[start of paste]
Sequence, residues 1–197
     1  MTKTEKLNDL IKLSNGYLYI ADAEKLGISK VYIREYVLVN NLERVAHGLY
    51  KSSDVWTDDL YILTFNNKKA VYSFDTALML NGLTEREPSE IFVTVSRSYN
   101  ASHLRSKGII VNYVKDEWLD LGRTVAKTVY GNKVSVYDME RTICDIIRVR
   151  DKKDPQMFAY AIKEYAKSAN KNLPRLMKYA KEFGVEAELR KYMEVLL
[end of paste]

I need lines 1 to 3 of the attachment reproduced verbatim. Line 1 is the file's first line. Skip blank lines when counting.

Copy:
Sequence, residues 1–197
     1  MTKTEKLNDL IKLSNGYLYI ADAEKLGISK VYIREYVLVN NLERVAHGLY
    51  KSSDVWTDDL YILTFNNKKA VYSFDTALML NGLTEREPSE IFVTVSRSYN